As the war continues, it’s hard not to think of everything one encounters in the light of the continuing emergency. That is especially true of the weekly Torah readings. Usually, we rabbi types struggle mightily to find a connection between the reading and the headlines, but not this week. I remember a great rabbinic orator explaining to us students for ordination at YU that the most important text for his weekly sermons was the New York Times, you know when Orthodox Jews were still reading the Times. Well, this week the Torah reading anticipates the headlines.
This week we read the episode of the Akeida, the aborted offering of Yitzchak on Har HaMoriah, now called the Temple Mount. There are so many questions to ask about this heart wrenching incident. How could Avraham not question God’s command, as he did with the destruction of Sodom? How could Yitzchak carry on after realizing what was going to happen? What was God’s plan? Each question, and there are more, deserves its own essay, sermon or, perhaps, mini-series. But this year I can’t deal with any of those issues. I must know how to assimilate this affair into our present pain.
Rav Soloveitchik dealt with Avraham’s pain: God says to Avraham:
“Take now your son, your only one, whom you love, Isaac, etc.” That is to say, I demand of you the greatest sacrifice. I want your son who is your only son, and also the one whom you love. Do not fool yourself to think that after you obey Me and offer up your son, I will give you another son in place of Yitzchak. When Yitzchak will be slaughtered on the altar – you will remain alone and childless. You will not have another child. You will live your life in solitude. I want your only son who is irreplaceable. Neither should you think that you will succeed to forget Yitzchak and remove him from your mind. All your life you will think about him. I am interested in your son whom you love and whom you will love forever. You will spend your nights awake, picking at your emotional wounds. Out of your sleep you will call for Yitzchak, and when you wake up you will find your tent desolate and forsaken. Your life will turn into a long chain of emotional suffering. And nevertheless, I demand this sacrifice.
It’s the same thing when we send a child off to war. We are sending our child, our unique child, our irreplaceable child, whom we love. We spend our nights in sleepless concern over their safety. But we know that it’s necessary; we know we must. Prof. Leon Kass explained that, ‘But a true father will devote his son to – and will self consciously initiate him into-only the righteous and godly ways…On the contrary, the true founder, like the true father, shows his love for his followers when he teaches them, often by example, that one’s life is not worth living if there is nothing worth dying and sacrificing for.’
We all are questioned by family and friends from abroad, the Diaspora, ‘How can you put your children through this?’, ‘Isn’t it dangerous?, and, my favorite, “Aren’t you afraid for your life?’ The answers: 1. We must. 2. Yes, but no more dangerous than other less important places, and 3. ‘No’! We’re not giving up on life; Eretz Yisrael and Am Yisrael are our life.
Indeed this week’s parsha presents us with a ‘test’. But a test of what? Some say the test was for the ISH CHESED, the man of kindness, to be willing to act ruthlessly. Others suggest that he was being tested in his faith in God’s promises, because his fulfilling this assignment would have abrogated all the promises made for Jewish destiny. Or, perhaps, the whole test was traveling for three days and living with this horrible secret. But the whole issue really is: How do we fare when (not ‘if’) tested by God?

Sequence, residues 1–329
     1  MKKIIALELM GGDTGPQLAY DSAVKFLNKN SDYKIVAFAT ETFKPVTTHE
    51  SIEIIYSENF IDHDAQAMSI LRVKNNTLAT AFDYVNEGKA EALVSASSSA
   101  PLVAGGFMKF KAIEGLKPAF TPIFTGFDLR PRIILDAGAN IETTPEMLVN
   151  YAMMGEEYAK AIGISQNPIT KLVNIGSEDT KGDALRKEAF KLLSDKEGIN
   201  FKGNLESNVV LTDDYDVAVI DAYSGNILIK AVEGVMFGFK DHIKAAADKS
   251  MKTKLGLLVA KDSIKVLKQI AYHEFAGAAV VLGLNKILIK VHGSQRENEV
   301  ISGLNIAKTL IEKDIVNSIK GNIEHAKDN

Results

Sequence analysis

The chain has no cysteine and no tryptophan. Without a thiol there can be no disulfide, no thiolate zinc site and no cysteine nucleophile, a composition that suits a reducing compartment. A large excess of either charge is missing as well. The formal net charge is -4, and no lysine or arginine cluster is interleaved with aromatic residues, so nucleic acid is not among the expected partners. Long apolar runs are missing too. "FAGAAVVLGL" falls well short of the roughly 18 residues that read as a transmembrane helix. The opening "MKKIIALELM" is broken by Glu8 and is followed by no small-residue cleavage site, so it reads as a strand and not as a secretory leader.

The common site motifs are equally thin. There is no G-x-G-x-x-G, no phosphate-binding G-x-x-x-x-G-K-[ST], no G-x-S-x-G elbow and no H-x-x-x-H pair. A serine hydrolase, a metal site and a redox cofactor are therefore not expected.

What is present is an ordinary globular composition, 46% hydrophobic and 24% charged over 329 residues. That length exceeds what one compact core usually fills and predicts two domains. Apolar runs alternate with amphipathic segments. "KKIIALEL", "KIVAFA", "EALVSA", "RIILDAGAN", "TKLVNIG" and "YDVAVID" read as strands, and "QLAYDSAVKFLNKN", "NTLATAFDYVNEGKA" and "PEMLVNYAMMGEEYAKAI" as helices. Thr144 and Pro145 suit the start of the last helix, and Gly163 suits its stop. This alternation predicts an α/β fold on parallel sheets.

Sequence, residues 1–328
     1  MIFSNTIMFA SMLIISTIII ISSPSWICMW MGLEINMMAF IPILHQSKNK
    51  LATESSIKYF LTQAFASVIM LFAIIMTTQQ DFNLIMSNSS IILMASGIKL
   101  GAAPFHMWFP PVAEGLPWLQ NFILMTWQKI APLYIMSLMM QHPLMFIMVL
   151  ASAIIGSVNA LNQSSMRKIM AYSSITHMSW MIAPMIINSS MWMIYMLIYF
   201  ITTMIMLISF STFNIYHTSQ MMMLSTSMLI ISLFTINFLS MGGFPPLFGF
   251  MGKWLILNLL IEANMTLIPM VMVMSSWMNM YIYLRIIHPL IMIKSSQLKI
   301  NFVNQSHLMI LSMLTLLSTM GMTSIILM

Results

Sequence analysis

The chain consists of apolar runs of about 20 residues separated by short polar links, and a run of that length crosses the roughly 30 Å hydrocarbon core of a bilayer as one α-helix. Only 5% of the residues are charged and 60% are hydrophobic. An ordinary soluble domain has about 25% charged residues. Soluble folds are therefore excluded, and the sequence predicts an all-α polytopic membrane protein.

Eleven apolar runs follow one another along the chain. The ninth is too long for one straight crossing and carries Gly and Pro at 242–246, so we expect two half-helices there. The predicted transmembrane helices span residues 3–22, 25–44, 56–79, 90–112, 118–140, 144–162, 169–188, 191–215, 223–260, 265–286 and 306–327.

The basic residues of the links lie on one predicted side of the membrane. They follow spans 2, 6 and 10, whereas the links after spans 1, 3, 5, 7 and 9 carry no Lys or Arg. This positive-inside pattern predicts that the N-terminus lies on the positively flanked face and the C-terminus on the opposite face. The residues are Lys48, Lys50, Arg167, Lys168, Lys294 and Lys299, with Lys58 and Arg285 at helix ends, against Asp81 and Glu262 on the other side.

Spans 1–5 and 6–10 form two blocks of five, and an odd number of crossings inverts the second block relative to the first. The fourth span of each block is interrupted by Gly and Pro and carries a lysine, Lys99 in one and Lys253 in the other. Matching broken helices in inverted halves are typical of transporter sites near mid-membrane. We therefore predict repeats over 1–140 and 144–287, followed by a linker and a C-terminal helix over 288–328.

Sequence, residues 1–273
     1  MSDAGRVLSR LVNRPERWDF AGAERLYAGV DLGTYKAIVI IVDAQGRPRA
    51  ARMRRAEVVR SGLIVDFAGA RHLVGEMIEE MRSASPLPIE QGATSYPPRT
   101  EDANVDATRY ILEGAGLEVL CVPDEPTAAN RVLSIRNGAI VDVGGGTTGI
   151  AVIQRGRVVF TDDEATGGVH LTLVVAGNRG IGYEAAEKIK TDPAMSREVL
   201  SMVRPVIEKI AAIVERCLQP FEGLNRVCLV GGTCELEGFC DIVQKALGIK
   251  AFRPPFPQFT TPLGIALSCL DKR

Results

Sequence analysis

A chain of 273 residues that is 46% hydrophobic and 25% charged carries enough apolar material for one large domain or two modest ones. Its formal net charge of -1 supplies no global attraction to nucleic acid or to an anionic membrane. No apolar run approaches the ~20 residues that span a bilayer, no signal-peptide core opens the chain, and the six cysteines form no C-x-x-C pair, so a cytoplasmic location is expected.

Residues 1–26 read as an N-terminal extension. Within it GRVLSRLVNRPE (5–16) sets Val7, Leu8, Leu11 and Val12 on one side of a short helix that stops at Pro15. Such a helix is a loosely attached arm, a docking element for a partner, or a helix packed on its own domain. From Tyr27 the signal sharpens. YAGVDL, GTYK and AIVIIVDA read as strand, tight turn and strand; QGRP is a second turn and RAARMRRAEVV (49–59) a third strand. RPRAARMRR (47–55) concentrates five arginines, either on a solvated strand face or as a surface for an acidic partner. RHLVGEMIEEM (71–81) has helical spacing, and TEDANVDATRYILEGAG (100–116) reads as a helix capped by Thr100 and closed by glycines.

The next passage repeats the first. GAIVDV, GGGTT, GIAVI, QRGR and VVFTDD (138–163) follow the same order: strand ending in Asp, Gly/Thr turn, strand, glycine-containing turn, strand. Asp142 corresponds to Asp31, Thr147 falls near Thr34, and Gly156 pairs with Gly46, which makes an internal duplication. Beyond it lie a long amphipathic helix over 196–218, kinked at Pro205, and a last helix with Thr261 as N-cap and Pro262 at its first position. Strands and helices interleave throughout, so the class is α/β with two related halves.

That’s exactly the reality that we’re living. Our loyalty and commitment to Eretz Yisrael is being tested. I think strongly that here in Eretz Yisrael we are passing the test. Just a couple of months ago we were all at each other’s throats. We had some of the largest mass rallies and protests in our young country’s history. It seemed that our nation was falling apart at the seams. Could all the king’s horses and all the king’s men ever put our broken nation together again? No, but Hamas could.
Just as Haman is credited with reuniting the fractured, assimilating nation in Persia, Hamas and their unique brand of cruelty and barbarity has united this nation in remarkable ways. Chareidim are volunteering for the army, and after all those threats of not showing up for reserve duty, many units had over 100% of soldiers answering the call up. Thousands have returned from the Diaspora to serve. So, even though we can’t say ‘thank you’ to such despicable characters, we are heartened by the response to their evil: We all have become the citizens of Shushan who fasted to a man with Esther.
But there’s one more question, one more anomaly in our story, and it’s brought up by that expert on Jewish suffering, Elie Wiesel OB”M:
Why was the most tragic of our ancestors named Isaac, which signifies laughter? Fascinating! The most dour of Biblical characters has the most joyous name. Yitchak will laugh.
What does that mean? The great author replies:
As the first survivor, he had to teach us, the future survivors of Jewish history (us), that it is possible to suffer and despair an entire lifetime and still not give up the art of laughter.
Elie Wiesel is right: We are all survivors! And we will have the last laugh. May it come speedily, with minimal sacrifices! O God, we’ve sacrificed enough!